When we got home, the other dogs were confused. They looked everywhere for Gracie and nosed through all the blankets I was carrying. My husband mowed the lawn, (which he says is his therapy), I called the crematorium to make the final arrangements, and we went about our day.
That Sunday morning, when I came back from the bathroom, I told my husband, “I miss Gracie.” This could have been a dangerous thing to say, since the day before and the two days preceding that were especially hard for him. But just because I had to be the “strong one” doesn’t mean I don’t have any feelings about it.
My husband and I reiterated to each other that we knew it was time and that Gracie was better off. There was no more suffering and we were with her as she transitioned peacefully. We knew she was ready because of the hiding and that even though she was trying so hard to please us by wagging her tail and perking up her ears, she was in pain. She had quit eating. She couldn’t navigate the stairs and had trouble walking. During the summer, I usually took her and another of our dogs together for a short loop, then dropped her off as she panted and wheezed, before I took the other out for a “real” walk. (Our third dog is a homebody and doesn’t like to leave the property unless it’s for a ride in the car). The last walk I took her on was three days before she passed. She was supposed to just go with my husband as he wheeled the trash barrels to the end of our long driveway, but she ignored him and galloped down the street after me and the other dog. We did one of our short loops together: down the block, through a path in the woods, and around to our back yard, where I delivered her back to my husband. I had no way of knowing at the time that would be her last walk.
Then, I commented to my husband, “Imagine how it felt to have to make the decision to take my mother off life support?”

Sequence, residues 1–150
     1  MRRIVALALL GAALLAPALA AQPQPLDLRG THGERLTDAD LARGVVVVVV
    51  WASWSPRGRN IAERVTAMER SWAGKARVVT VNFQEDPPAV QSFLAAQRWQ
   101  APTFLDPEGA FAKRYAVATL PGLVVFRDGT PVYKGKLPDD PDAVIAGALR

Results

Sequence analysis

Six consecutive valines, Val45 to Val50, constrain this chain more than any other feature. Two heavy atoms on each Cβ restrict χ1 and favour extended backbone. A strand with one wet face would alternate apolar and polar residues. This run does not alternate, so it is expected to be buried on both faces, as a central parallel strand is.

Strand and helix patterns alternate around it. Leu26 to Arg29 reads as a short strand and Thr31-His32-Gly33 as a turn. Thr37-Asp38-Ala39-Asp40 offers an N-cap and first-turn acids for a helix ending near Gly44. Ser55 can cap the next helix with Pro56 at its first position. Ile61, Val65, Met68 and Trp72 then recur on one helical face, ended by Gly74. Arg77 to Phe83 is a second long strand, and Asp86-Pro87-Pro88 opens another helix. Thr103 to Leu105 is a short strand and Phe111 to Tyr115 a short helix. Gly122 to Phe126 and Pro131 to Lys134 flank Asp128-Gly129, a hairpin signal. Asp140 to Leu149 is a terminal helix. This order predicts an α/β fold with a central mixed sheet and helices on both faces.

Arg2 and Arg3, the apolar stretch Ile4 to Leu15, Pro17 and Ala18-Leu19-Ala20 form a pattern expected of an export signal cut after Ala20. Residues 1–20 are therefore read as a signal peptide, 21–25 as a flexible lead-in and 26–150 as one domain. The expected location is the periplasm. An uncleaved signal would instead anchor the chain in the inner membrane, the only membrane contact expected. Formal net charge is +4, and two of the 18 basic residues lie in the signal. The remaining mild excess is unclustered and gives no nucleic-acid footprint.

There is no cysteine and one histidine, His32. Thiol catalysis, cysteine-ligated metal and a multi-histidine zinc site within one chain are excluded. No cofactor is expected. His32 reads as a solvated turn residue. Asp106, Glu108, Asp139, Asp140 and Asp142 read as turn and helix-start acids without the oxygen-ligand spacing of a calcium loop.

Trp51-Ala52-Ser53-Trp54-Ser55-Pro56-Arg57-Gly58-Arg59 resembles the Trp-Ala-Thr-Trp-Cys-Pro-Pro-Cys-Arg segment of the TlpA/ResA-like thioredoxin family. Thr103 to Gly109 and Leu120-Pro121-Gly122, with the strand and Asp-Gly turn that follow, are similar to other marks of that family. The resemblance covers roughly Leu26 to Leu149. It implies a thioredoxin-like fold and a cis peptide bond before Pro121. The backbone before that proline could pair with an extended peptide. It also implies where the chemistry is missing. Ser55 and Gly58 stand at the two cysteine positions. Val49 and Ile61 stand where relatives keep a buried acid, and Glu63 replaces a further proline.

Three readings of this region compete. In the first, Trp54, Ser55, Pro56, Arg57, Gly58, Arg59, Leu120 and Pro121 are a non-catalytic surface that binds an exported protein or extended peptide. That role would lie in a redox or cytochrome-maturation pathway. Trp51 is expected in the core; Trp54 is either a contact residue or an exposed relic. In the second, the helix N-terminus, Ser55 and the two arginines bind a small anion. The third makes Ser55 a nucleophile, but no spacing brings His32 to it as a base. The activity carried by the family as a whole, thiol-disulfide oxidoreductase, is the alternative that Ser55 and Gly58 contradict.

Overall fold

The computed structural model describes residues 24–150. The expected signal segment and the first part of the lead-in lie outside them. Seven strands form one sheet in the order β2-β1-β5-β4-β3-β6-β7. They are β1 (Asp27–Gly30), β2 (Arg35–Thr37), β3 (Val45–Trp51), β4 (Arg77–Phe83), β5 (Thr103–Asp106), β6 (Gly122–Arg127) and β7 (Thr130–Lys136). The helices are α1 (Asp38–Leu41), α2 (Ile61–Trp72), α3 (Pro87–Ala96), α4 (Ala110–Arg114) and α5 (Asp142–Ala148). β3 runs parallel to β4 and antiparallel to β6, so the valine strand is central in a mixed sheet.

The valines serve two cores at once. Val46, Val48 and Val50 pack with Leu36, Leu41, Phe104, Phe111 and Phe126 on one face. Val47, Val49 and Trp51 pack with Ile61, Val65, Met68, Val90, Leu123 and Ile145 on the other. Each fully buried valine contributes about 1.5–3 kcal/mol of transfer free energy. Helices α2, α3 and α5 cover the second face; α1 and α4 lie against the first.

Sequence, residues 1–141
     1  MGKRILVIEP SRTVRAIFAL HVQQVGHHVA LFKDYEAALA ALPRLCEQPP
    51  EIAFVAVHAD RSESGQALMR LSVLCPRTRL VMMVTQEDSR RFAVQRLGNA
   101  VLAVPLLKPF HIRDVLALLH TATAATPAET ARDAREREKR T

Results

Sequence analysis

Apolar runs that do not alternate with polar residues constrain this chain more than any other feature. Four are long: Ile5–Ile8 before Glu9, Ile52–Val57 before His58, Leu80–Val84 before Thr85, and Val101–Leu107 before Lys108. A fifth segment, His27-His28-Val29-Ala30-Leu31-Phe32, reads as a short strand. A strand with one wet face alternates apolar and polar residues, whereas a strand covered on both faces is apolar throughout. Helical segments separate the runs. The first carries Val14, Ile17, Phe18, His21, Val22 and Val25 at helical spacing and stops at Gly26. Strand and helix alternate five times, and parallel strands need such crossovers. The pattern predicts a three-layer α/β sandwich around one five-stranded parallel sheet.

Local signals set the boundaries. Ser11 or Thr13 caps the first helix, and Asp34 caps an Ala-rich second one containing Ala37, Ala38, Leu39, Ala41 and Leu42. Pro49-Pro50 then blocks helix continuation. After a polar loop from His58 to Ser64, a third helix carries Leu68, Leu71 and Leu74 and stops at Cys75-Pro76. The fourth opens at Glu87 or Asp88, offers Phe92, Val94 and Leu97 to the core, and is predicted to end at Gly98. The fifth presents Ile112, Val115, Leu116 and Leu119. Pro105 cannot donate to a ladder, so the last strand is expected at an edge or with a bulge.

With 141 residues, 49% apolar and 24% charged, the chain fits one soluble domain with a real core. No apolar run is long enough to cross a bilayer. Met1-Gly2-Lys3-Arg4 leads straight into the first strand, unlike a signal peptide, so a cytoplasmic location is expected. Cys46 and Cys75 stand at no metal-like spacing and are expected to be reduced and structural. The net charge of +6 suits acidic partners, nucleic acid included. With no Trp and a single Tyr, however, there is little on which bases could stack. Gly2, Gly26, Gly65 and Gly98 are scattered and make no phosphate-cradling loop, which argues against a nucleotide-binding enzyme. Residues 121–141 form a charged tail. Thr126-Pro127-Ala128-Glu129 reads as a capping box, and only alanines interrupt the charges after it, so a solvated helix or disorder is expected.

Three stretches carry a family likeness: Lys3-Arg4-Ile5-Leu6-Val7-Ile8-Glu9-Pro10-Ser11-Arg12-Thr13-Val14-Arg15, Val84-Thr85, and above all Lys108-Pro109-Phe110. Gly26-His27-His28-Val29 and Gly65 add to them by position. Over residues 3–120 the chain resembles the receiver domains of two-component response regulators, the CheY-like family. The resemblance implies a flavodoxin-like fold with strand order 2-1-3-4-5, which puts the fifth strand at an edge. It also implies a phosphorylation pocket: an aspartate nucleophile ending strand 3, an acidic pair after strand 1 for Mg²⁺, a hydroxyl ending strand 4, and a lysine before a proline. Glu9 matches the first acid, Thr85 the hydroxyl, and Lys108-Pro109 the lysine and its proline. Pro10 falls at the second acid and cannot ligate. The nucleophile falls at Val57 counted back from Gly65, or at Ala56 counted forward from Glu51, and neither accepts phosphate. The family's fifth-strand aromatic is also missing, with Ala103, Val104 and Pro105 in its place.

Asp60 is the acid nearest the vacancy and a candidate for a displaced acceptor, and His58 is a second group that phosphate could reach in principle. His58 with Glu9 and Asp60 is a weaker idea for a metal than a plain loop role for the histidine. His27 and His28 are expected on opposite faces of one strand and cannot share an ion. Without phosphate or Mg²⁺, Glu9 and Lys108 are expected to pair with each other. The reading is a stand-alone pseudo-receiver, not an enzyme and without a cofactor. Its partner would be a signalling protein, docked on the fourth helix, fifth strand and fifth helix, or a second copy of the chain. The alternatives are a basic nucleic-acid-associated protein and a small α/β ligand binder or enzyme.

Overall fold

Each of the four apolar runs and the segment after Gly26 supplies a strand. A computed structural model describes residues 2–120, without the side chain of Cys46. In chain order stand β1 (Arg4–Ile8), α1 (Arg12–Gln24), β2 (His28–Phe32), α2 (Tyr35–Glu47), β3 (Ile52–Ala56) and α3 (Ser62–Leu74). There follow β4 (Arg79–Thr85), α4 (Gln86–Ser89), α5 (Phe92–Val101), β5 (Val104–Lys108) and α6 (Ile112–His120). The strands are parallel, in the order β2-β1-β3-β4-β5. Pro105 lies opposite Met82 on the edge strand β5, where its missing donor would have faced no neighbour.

“I can’t,” he replied.
“It was awful. I don’t talk about it much with people because I don’t want to be judged for ‘playing God.’ Like maybe there was going to be some kind of miracle. Maybe if I had stronger faith or prayed harder, the outcome would have been different.”
I told him about how once my brother and I had made the decision and agreed, we had to wait for several hours before the respiratory therapist could come and un-hook the machine that was breathing for our mother, and how after that her heart just stopped and all the other machines went quiet. Then a tear slowly coursed down one of her cheeks. Everyone in the room gasped. I, and I imagine others in the room, attached emotional meaning to that tear. For a long time I thought it was gratitude, that my mom was relieved that we had finally let her go, since her body was falling apart and no longer in any condition to hold her soul. Other times I tortured myself with the idea that she was sad that we gave up on her. After talking to the vet yesterday, I am relieved to think it was just physiological (my mom’s circulatory system was failing and her body had been pumped full of IV fluids for three days).
I probably cried more tears that Sunday morning with my husband than I had during the actual time my mother passed, when I also had to be the “strong one,” a role I continue to play since I had then become the matriarch of the family.
After my husband got up to go finish up something for work, I went back to sleep. I had not been getting enough sleep with our back-to-school / fall sports schedule and all the driving, managing homework, lunch preparation, and open houses, and while I know you can’t catch up on lost sleep in one day, it is good to have a day of rest – where you don’t have to set the alarm clock – once in a while.